Basel III: Gold to be considered for Tier 1 status

pmbug

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Basel III is supposed to come into effect at the end of this month. I'm still seeing mixed reporting out there on what it means for banks and gold.
 

rblong2us

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This is an old thread and I had pretty much forgotten about Basel3
I thought the TBTF banks had everything they needed )-:

So what does the mixed reporting suggest might happen Bug ?

and in reply to your previous post on this thread -

So, it seems that we understood it backwards - gold isn't going to be valued at 85%, it's going to be valued at 15%. 85% is the value of cash they need to hold in reserve to cover the value of the gold (in case the market/price crashed).
A great way to get gold holders to give up on the idea and buy it up at a sale price
They clearly will do pretty nasty and desperate things to obtain enough gold to keep the show on the road ?
 

pmbug

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...
So what does the mixed reporting suggest might happen Bug ?
...
Some suggest it means banks will be increasing gold holdings as it's a now a better asset. Others, as you quoted, suggest it's actually now a worse asset and will lead to banks selling off gold holdings.

I wish I could find a definitive source explaining the situation in clear language.
 

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Here's another report on Basel III written by someone who sounds a lot like a gold bug, but which also describes the 85% haircut as requiring banks to hold more cash collateral for gold holdings:

http://bmg-group.com/gold-zero-risk-monetary-asset/

The author briefly mentions the NSFR issue then talks about how gold qualifies as “a 0% risk weighting for risk-based capital purposes.” It doesn't really explain what that means though.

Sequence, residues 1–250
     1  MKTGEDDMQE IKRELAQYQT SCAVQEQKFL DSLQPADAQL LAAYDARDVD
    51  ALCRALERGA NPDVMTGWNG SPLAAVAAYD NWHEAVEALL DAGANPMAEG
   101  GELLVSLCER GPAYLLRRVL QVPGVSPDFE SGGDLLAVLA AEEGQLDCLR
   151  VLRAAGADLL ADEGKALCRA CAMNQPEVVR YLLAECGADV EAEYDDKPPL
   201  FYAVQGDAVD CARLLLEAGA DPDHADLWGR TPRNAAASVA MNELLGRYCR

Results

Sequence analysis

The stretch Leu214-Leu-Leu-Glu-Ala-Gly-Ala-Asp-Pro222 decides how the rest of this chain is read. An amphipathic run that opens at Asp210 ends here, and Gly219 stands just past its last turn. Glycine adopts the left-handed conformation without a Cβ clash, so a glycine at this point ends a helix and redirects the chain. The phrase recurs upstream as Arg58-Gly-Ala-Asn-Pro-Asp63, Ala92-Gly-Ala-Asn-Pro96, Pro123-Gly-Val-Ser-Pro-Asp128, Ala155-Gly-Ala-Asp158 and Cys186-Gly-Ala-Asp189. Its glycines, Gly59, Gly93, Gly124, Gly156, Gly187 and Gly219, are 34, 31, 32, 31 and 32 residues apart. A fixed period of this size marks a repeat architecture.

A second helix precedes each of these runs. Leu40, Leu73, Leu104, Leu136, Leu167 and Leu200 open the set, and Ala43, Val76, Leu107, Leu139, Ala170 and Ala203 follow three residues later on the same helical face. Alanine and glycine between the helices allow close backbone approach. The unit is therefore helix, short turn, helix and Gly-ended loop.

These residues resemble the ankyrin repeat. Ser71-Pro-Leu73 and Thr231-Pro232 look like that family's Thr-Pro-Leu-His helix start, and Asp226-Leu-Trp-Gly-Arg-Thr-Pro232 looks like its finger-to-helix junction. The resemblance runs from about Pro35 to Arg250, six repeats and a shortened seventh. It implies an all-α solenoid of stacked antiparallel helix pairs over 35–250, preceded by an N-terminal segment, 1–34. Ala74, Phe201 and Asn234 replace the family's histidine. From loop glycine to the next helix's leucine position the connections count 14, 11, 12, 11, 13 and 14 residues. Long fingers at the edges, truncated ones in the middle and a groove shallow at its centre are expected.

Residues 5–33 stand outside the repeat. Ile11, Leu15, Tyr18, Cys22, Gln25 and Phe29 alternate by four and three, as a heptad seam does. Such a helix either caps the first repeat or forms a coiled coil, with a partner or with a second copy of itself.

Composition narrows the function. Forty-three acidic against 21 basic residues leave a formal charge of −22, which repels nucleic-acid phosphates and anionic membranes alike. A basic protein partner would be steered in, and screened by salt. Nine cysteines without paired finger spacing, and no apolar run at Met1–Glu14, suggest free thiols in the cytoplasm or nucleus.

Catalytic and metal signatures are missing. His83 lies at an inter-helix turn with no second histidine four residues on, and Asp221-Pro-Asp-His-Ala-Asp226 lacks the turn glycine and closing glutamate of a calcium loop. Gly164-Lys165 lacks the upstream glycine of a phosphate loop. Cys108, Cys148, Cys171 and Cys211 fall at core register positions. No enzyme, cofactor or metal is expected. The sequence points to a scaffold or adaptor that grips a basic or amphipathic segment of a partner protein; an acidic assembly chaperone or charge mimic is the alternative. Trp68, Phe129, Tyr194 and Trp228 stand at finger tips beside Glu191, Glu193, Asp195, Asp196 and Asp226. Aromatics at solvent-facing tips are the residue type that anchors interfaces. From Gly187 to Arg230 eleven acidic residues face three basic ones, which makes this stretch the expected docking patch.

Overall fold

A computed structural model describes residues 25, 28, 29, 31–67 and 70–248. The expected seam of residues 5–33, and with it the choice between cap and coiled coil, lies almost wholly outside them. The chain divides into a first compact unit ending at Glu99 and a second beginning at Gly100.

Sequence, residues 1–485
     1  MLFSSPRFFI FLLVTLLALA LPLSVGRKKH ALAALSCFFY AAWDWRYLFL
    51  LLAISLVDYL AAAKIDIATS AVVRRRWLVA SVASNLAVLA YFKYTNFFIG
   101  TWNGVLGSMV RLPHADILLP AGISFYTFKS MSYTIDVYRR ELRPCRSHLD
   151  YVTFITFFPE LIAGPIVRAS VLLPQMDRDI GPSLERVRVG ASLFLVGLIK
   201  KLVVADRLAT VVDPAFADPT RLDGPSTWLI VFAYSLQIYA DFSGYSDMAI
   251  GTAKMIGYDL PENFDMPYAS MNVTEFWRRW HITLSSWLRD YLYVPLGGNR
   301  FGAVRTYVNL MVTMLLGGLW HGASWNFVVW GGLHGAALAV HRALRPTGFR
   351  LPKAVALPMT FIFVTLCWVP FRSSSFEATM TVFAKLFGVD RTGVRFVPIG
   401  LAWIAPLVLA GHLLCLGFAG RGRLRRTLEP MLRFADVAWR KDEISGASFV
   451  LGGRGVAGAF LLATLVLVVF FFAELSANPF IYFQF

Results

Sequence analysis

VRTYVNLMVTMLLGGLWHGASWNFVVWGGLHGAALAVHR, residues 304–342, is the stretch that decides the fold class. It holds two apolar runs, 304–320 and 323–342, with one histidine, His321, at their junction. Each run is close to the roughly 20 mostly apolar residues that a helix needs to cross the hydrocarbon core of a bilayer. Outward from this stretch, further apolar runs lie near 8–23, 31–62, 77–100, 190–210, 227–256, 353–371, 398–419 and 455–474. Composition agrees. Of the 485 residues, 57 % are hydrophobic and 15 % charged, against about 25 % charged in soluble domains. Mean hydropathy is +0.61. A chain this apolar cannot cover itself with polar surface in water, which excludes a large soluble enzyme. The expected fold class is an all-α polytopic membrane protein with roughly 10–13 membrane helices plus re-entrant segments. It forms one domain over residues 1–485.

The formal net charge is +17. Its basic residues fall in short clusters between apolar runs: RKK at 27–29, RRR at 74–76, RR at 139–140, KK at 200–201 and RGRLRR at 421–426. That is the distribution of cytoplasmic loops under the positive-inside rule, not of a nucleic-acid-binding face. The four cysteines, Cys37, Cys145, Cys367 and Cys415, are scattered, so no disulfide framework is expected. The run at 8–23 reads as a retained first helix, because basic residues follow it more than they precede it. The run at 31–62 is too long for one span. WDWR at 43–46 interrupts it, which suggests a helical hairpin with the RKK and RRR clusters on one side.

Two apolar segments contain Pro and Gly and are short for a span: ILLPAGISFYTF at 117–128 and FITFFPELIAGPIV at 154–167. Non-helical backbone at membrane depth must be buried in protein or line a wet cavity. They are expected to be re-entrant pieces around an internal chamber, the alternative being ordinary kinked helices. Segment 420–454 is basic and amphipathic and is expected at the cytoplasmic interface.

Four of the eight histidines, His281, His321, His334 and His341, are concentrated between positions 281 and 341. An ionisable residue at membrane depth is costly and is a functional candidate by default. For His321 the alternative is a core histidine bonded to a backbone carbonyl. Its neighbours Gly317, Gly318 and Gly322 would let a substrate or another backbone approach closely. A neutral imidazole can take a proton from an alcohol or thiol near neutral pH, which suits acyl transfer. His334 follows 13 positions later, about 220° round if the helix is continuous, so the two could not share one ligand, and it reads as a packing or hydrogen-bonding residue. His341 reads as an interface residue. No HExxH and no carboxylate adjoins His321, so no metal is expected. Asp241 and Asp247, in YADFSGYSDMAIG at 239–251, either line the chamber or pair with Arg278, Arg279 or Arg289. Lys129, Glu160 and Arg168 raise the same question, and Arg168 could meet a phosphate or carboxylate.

pmbug

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Yeah, I'm not sure that author had all his facts straight. Initial reporting on Basel III (as per the OP of this thread) were indicating a tier 1 asset with 100% valuation as he mentions, but that changed.
 

rblong2us

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Ok so if Basel III came into effect 11 days ago and the price of gold has moved $10 and is broadly where it was a month ago, what might we conclude from this ?
 

pmbug

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Well, if the gold price was actually based upon the physical market, we might be able to draw a conclusion. But it's not, so ... ???
 

Unobtanium

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But it's not, so .......

so the price of gold will not significantly increase until either:

1) Gold becomes scarce because the physical market gets very tight; and maybe Basel III has an impact on that due to heavy accumulation by central banks, or

2) TPTB want it to increase, and they might want it to increase now that gold has Tier1 status via Basel III.

Edit:
3) The price of oil rises significantly again for a sustained period.
 
Last edited:

rblong2us

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So we can conclude that Basel III has no effect on POG ?

why would TPTB want an increase in POG if they have to have cash deposits to 85% of its value

and how might they respond if POG were to rise rapidly ?

The cash deposit required to back gold holdings seems like a great way to suppress price )-:
 

pmbug

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Found this report from late January:
European finance ministers have rejected a proposal to ease new liquidity rules for banks trading gold, the London Bullion Market Association (LBMA) said.

The industry says the planned rules could force some players out of the market. Due to take effect in the European Union around 2022, they form part of regulations known as Basel III designed to make banks more stable and prevent a repeat of the financial crisis a decade ago.

The rules treat physically traded gold like any other commodity, requiring banks to hold more cash to match their gold exposure as a buffer against adverse price moves.

The LBMA says they are unnecessary, costly and would disrupt London’s bullion clearing system, which settles gold transactions worth around $23 billion a day.